And, demonstrating that great minds think alike, this quote from Canadian media presenter and host, philanthropist, and author, Sangita Patel, also has a “get up and cheer for yourself” feel to it:

You deserve it. You’re allowed to grow. You deserve everything you work for.

Sangita Patel

Carole Saab, CEO of the Federation of Canadian Municipalities, recognized as one of the Top 100 Lobbyists in Canada, and a recipient of Canada’s Top 40 Under 40, has some valuable advice when it comes to cultivating self-confidence.

My experience as a woman has been that you have to be 10 times more direct about your ambition than you think you need to be…. Every time I’ve been promoted, I’ve certainly felt like I needed to be my own advocate, needed to be very direct about that.

Carole Saab
Read about: Women have to support women: here is why you need a circle of women to succeed

Be your own advocate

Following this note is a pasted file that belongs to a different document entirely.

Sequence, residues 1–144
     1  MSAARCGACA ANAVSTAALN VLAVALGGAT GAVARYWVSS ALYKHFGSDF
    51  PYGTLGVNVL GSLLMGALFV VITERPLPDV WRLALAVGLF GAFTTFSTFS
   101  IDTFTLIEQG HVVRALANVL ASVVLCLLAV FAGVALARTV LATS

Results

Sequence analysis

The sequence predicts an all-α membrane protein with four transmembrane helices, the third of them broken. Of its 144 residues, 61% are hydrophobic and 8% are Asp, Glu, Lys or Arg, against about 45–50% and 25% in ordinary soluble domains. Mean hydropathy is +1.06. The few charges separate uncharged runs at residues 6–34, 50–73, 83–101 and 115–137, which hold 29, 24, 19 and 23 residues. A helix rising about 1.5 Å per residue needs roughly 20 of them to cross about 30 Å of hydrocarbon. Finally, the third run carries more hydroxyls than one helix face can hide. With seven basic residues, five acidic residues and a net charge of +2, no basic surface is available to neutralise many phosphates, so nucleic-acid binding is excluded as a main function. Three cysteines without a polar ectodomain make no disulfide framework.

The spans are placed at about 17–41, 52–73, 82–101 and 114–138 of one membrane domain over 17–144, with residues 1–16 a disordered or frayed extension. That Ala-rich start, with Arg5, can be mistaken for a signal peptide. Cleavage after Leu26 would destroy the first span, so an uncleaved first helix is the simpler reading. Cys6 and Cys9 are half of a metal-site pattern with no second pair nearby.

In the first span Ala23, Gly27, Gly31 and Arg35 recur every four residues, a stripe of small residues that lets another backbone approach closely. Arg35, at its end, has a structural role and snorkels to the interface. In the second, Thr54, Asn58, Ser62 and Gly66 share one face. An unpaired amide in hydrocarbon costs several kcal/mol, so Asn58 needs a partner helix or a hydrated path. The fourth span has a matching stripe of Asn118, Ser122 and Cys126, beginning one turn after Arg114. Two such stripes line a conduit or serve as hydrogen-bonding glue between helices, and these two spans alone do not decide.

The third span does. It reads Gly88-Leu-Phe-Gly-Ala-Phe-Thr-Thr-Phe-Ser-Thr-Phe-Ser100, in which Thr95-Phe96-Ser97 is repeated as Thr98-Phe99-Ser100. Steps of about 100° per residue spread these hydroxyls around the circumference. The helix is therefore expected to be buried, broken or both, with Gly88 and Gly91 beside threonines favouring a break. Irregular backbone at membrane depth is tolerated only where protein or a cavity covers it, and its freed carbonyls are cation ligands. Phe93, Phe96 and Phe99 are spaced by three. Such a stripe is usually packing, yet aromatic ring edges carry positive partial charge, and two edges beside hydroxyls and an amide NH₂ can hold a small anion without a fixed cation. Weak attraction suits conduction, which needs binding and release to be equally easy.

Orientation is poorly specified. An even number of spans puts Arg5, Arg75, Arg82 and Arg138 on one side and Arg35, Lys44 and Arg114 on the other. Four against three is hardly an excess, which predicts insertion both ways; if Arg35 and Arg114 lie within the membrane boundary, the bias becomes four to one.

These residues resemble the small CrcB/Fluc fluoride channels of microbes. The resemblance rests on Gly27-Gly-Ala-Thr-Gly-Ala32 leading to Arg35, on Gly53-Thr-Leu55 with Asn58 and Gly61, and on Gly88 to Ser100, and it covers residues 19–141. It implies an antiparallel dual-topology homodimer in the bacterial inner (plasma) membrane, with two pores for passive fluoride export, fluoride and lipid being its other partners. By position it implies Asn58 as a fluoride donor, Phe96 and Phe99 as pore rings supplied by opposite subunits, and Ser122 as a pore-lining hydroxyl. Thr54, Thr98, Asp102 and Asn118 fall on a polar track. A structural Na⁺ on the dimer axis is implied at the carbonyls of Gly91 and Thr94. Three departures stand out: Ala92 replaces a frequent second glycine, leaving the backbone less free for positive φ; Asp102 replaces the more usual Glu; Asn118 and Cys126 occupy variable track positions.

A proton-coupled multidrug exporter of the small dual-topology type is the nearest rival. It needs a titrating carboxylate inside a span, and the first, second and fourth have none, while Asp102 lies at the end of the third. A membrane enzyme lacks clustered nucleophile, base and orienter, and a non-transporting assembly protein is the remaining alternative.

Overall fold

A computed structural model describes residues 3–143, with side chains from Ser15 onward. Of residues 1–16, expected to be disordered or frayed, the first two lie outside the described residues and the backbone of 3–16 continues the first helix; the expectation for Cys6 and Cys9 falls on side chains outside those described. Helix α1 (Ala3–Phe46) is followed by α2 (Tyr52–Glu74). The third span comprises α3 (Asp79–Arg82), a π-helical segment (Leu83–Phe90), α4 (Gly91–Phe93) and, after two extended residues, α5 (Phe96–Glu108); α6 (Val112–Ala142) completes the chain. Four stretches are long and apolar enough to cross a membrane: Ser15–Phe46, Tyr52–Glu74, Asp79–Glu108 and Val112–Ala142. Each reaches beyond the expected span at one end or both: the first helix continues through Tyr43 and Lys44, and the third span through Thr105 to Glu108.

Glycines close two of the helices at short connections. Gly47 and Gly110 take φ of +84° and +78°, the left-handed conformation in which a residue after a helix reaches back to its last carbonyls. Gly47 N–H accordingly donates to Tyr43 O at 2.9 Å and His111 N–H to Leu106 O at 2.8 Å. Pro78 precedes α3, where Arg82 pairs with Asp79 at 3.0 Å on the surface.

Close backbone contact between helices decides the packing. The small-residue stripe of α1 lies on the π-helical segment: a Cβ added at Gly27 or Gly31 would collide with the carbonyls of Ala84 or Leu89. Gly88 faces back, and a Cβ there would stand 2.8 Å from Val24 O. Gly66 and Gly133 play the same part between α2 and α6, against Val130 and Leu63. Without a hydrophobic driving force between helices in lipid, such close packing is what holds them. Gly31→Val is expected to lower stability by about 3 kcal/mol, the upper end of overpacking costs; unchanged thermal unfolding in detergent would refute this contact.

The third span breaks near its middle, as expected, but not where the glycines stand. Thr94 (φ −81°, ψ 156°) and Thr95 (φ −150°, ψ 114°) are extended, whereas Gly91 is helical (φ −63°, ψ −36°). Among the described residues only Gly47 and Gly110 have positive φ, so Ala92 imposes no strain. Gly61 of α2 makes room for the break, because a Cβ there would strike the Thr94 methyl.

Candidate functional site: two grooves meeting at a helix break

Going hand-in-hand with the idea of being your own cheerleader is the need to be your own advocate. This can sometimes be hard to do, but it’s an essential skill that can greatly benefit your personal and professional life.

Here are some ways to directly advocate for yourself, even when it feels uncomfortable:

  • Clearly communicate your needs: Be clear and assertive when expressing your needs, desires, and boundaries. Practice effective communication by using “I” statements to express how you feel and what you require. Clearly communicate your expectations, whether in personal relationships, work situations, or other areas of your life.
  • Stand up for your ideas and opinions: Believe in your perspective and speak up confidently even if your ideas and opinions differ from others’. Respectfully present your thoughts and be open to engaging in constructive discussions. Your unique viewpoint deserves to be heard.